Version Control

More IP, multiple power formats and cascading standards are slowing down progress.


By Ed Sperling & Ann Steffora Mutschler
One of the biggest impediments to progress in semiconductor design is progress itself—version after version of specifications, formats and increasingly IP. In fact, there are so many different versions, some of which conflict directly with each other, that it may take months or even years before some customers adopt new products.

Much has changed since the days when Intel owned much of the semiconductor market and locked down versions of software used to create each rev of a chip. Tools are no longer developed specifically for a single vendor’s chips, and most large chipmakers make far more than one chip every couple years. Still, they do continue to lock down the software used to develop each chip—particularly after it reaches a certain stage of the development.

“From a tool point of view, most customers still lock a configuration down for a chip,” said Mike Gianfagna, vice president of corporate marketing at Atrenta. “From a support point of view, it’s much easier because we can support both version 4 and version 5 of a product. But it’s frustrating for us because we’ll roll out the latest version that is faster and with fewer bugs and the customer may not adopt it for six months because they’re locked on a previous version.”

IP is equally challenging. As the semiconductor industry increasingly embraces third-party IP and the concept of re-usability, it is running into many of the same version control issues that EDA tools have been wrestling with. That typically means IP vendors have to support multiple versions of IP—sometimes hundreds of different builds and configurations.

One solution is what Martin Lund, senior vice president of R&D for Cadence’s SoC Realization Group, describes as mass customizable standard IP. The idea is that licensees have control over part of the IP’s configuration, which will help eliminate some of the version control issues.

“The goal is to build for change,” said Lund. “You want to build a block and re-use it over and over again, but that’s almost never the case today. So how do you accomplish that? You have to build a superset capability in the core. Then you generate a soft set of just what you need and verify it. IP today uses a tools approach. You have to build IP that can be generated.”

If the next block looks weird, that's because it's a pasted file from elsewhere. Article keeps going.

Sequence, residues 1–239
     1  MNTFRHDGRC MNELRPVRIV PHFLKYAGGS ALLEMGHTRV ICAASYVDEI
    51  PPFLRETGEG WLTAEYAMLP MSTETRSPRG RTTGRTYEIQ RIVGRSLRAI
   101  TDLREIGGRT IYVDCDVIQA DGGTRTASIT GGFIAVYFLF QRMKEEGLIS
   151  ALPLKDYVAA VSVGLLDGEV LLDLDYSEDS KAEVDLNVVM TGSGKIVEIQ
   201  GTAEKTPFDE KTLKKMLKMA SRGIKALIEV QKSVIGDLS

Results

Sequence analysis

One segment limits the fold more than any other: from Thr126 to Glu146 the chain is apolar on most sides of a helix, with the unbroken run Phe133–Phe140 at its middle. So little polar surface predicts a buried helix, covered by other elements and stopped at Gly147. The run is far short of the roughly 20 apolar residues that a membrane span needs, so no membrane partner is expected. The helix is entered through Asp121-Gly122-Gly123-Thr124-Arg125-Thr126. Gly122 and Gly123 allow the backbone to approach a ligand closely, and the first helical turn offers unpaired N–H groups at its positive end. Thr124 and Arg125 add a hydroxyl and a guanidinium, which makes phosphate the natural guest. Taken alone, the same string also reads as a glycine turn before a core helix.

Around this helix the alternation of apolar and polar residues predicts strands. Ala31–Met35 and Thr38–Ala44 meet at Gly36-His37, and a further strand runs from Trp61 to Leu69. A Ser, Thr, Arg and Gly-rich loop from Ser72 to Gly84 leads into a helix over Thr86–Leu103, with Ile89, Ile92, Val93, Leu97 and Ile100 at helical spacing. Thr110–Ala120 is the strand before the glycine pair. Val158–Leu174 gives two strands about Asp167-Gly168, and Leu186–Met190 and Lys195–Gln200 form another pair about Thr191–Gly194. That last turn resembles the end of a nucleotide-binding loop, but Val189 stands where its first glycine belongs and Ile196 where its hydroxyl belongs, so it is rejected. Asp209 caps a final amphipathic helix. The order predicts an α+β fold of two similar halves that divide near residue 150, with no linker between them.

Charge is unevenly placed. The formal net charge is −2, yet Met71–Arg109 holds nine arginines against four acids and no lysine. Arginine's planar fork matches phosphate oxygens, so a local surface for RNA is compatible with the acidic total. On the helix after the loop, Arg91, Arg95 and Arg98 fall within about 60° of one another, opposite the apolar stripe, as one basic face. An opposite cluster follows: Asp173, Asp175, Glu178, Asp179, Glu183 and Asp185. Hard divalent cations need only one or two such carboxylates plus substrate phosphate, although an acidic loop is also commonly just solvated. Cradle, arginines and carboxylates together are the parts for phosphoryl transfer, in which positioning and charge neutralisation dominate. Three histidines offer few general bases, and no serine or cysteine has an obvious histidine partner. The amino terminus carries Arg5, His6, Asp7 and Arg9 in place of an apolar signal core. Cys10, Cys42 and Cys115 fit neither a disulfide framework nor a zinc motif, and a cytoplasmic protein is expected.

A second approach is to do these kinds of changes inside of subsystems, so the interconnects and characterization looks much the same from the outside, but the changes occur on the inside. Because most commercial IP is a black box, licensees rely heavily on the IP vendors for characterization. But when too many IP blocks are used that can create problems. Subsystems take much of the guesswork out of that approach by internalizing the changes and keeping the external characterization relatively constant. As a result, the subsystems are pre-verified and pre-configured, requiring only system-level verification.

“With subsystems, the software is programmable and the hardware is configurable,” said Kurt Shuler, vice president of marketing at Arteris. “Depending on how well you integrate that software and the configurability is important, though.”

An architecture that provides flexibility can help, as well. One of the reasons network on chip IP has become so popular is that it minimizes the impact of these kinds of version issues by isolating the blocks.

The good and bad of standards
Standards can help in this arena, but they also can hurt. The most egregious and well-publicized example of what can go wrong here is in the world of power formats, where EDA vendors, their customers and standards bodies have been working for the past several years to sort out a five-year-old dispute between Cadence, on one side, and Mentor Graphics and Synopsys on the other. Privately, they’re still cursing this division, even though the latest UPF 2.1, alternately known as IEEE 1801, has bridged most of the differences. For many companies, it will be months or years before they can adopt the changes.